The Glow Up: Neon & Glass Bending with Meryl Pataky


Fire, gas, glass, electrodes, mercury, and more. I’m used to juggling between my mouse, paintbrush, and pencil at most; but this was a whole new playing field for me. My love for letters extends across all mediums, and the world of Neon is something I’ve always wanted a peak behind the curtains to. Luckily for me, one of my favorite Neon artist was opening her doors for one-on-one workshops. Naturally, I hopped on the opportunity. Meryl Pataky is a neon and mixed media artist based in the Bay Area. I’ve long admired her work ever since I saw her show, "Golden Hour," at the Shooting Gallery, where I saw neon letterforms used in a different light for the first time (pun intended). I’m used to the power of neon signs grabbing our attention to motivate an energetic response, there was a beautiful effect from Meryl’s pieces that inspired attention more introspectively.

At the time, Meryl’s studio was tucked away between big box stores near the Mission; you wouldn’t think there’d be a magical lab hidden between it all.


Meryl greeted me warmly at the entrance. I admired all the materials of glass, metal and dust piled up along the wall as we walked through the space. I would compare these as her version of “sketches” to my piles of paper at home and evidence that there was artist here at work.

I started off by learning the sketching process. Meryl walked me through the neon blue prints, the type of bends used, how to call out those bends, and then dived right through with having me draft my first design - I chose the *simple letter K. But I quickly discovered that this wasn’t going to work out the way I was used to when sketching letterforms. Before I could draw the next mark, I had to think ahead about which bend would help me form the desired outcome best. It was interesting to think about all the possible creative approaches. After deliberating on a couple of options, we landed on one for me to try that was both doable and challenging. When dealing with designing in different forms, it’s important to think about how the medium can dictate the process. I appreciated the shift in process this new medium presented me.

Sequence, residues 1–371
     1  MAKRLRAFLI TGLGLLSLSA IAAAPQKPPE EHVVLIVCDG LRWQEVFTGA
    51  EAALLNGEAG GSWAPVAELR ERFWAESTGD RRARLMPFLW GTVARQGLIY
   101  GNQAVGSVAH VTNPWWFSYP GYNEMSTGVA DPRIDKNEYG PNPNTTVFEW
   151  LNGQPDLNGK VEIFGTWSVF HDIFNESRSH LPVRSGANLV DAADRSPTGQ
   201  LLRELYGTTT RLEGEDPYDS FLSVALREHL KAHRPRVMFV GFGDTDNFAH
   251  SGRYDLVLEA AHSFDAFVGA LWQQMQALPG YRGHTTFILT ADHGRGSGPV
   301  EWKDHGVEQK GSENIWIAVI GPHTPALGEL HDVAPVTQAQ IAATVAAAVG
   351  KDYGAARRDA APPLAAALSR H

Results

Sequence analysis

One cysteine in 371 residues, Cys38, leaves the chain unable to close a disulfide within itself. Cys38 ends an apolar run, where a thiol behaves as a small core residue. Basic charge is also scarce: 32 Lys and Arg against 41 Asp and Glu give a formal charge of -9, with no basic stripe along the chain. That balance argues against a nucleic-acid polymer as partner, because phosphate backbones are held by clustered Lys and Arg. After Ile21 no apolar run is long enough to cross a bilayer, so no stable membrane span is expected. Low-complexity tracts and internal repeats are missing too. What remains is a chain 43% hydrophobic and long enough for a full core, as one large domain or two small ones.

Now comes the moment when my years of experience toasting marshmallows come into play (just kidding). There was a much more delicate balance of precision, speed, and patience to it.

We fired up the ribbon burner.

At first, I felt like I had no control of my limbs, as I tried to juggle between flipping the glass to heat evenly, remembering the direction to bend, and blowing into the hose so that the glass doesn’t collapse.


But with a couple of bends in the works, I slowly got into the rhythm and made my first glass letter! You can see at the top of the K’s arm, where it heated it a bit too long and got deformed. But I'm still super proud of it.

Matching up the finished piece with the original pattern.

Matching up the finished piece with the original pattern.


This next part of the process was nothing short of magical. To get the neon to glow and to glow a certain color, we filled the tube with gas. Then with a needle, injected a ball of mercury into it. There is a bit more in-depth explanation of the process here that involves bombarding, cleaning out the tube with electricity, gas types and formulas to create different neon colors, but I wouldn’t be able to do it justice explaining it with words. I would recommend taking a class to see it for yourself!


Here is my final piece all lit up. Unfortunately, my partner broke it while he was cleaning, but the lessons I learned from its process is something I’ll keep with me forever. This also just means I’ll have to make another trip back to make a full word next time! Thank you Meryl for opening up your studio to me. If anyone is interested in taking a class or learning more about her work. You can do so here.


Words and Photos by Kim Van Vu.

Kim Vu